In terms of other theory arguments like framing, disclosure, etc. I need to have voters and I need those voters to be proven more important than evaluating the policy. If a teams wins on the theory level but does not provide adequate voting reasons why this is important or does not provide reason as to why theory evaluation should predicate policy, I will ignore the theory debate in favor of policy impacts. I really don't want you to do those things, I really enjoy good theory debate. Make sure to articulate the sequential order of evaluation when multiple theoretical stances are being taken. On this note, RVIs are a thing but need to be weighed against the initial theory claim.
CX isn't binding unless you say it is. I'm fine with asserting arguments during this time but, if it's clear you're using this time to have an 11 minute speech, I won't be very happy with you. Don't make this a shouting match please, otherwise I'm just going to ignore both teams and nobody wants that. We're all friends here.
I am okay with speed in basically every instance except for when we get to theory args made on the flow that need explanation. If it's intricate and not in the speech doc slow it down a bit, it will help you if I can understand what's going on. That being said I'd prefer you be organized, clear, and slow instead of messy, unintelligible, and fast. I won't ever give up on your speech if you have a hard time with clarity, but just know I may not pick up all of your arguments (obviously a bad thing for you).
Noah Schrick Paradigm
Experience: 5 years of high school debate at Tulsa-Union (OK), volunteer for UDL in Tulsa.
Policy/Traditional Affs –
No objection to these. I think these can be some of the most developed and strategic affs. That being said, shady or loose internal links is a pretty easy way for me to vote neg on presump.
All for it. 5 minutes of T in the 2NR is a very valid strat. If you do go for T, be sure to impact your standards out. In addition, don't just make blanket, generic impact claims such as, "this is bad for education." I think that education and fairness are impacts, but also internal links to external issues. Why is education important? Why should we care about fairness? Be sure to explain these.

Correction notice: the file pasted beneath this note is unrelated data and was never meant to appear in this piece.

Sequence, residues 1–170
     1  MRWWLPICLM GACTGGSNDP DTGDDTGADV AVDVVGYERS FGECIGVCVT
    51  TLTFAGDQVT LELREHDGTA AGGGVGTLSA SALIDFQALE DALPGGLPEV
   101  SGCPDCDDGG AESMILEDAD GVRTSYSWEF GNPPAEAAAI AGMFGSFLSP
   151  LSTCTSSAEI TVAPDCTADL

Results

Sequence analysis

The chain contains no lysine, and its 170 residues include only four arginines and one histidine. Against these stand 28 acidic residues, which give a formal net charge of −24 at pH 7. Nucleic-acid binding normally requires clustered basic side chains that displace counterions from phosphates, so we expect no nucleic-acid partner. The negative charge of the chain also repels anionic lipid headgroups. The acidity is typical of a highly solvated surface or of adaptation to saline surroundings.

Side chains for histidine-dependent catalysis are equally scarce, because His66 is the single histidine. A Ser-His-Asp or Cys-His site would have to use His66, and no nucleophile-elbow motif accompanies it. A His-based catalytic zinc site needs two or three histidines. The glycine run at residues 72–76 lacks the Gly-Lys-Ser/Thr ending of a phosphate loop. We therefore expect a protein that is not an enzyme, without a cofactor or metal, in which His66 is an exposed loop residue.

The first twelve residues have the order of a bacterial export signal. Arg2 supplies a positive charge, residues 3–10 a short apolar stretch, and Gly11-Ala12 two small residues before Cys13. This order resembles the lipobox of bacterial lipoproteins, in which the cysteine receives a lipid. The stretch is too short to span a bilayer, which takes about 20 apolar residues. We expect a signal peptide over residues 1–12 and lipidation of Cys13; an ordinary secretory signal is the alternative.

Refer to speed section.
Also all for it. I’ll vote for any theory argument as long as you can fully explain why I should vote for it. Granted, I'll have a higher threshold for a crazy, off the wall arg, however I will still vote for it if it is explained well enough and impacted out.
I default to reject the arg unless there is substantial work done to explain why I should go otherwise, or there is a prejudice made by a team that is interfering with the debate.
Refer to speed section.
Will gladly vote on it. I do think RoBs are arbitrary. Both teams usually present them in a way to exclude the other. Majority of the time, no real clash occurs from these.
Refer to speed section.
K Affs/Non-Traditional –
Go for it. Would prefer it was germane to the topic, however. Not a necessity.
Disclaimer: I am not completely up-to-date with identity args and authors. That being said, I have no issues with these. Just make sure that rather than spitting author names at me, or identity jargon, explain it to me. I'm not lay and I'm not completely clueless on identity, but do explain the world of the aff and explain what the args mean. You can usually tell if I'm following based off my facial expressions.